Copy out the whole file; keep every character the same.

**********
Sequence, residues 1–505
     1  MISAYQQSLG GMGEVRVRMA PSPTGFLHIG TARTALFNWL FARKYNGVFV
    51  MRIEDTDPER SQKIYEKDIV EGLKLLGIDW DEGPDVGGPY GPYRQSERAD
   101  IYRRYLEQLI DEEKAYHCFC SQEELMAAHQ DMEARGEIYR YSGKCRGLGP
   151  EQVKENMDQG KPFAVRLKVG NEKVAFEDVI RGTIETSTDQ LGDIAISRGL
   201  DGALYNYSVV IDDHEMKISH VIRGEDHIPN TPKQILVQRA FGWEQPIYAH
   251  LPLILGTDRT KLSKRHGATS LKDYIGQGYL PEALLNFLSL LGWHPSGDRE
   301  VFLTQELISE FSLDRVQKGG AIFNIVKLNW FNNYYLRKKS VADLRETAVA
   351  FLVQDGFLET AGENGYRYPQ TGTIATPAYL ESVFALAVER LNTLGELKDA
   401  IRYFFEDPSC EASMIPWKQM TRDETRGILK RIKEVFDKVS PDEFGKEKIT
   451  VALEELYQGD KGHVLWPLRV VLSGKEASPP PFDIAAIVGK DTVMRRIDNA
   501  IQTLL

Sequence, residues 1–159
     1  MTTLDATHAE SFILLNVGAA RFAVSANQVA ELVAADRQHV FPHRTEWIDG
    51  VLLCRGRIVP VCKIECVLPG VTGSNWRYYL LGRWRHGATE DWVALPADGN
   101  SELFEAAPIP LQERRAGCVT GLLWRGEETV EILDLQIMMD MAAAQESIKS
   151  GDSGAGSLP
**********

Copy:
Sequence, residues 1–505
     1  MISAYQQSLG GMGEVRVRMA PSPTGFLHIG TARTALFNWL FARKYNGVFV
    51  MRIEDTDPER SQKIYEKDIV EGLKLLGIDW DEGPDVGGPY GPYRQSERAD
   101  IYRRYLEQLI DEEKAYHCFC SQEELMAAHQ DMEARGEIYR YSGKCRGLGP
   151  EQVKENMDQG KPFAVRLKVG NEKVAFEDVI RGTIETSTDQ LGDIAISRGL
   201  DGALYNYSVV IDDHEMKISH VIRGEDHIPN TPKQILVQRA FGWEQPIYAH
   251  LPLILGTDRT KLSKRHGATS LKDYIGQGYL PEALLNFLSL LGWHPSGDRE
   301  VFLTQELISE FSLDRVQKGG AIFNIVKLNW FNNYYLRKKS VADLRETAVA
   351  FLVQDGFLET AGENGYRYPQ TGTIATPAYL ESVFALAVER LNTLGELKDA
   401  IRYFFEDPSC EASMIPWKQM TRDETRGILK RIKEVFDKVS PDEFGKEKIT
   451  VALEELYQGD KGHVLWPLRV VLSGKEASPP PFDIAAIVGK DTVMRRIDNA
   501  IQTLL

Sequence, residues 1–159
     1  MTTLDATHAE SFILLNVGAA RFAVSANQVA ELVAADRQHV FPHRTEWIDG
    51  VLLCRGRIVP VCKIECVLPG VTGSNWRYYL LGRWRHGATE DWVALPADGN
   101  SELFEAAPIP LQERRAGCVT GLLWRGEETV EILDLQIMMD MAAAQESIKS
   151  GDSGAGSLP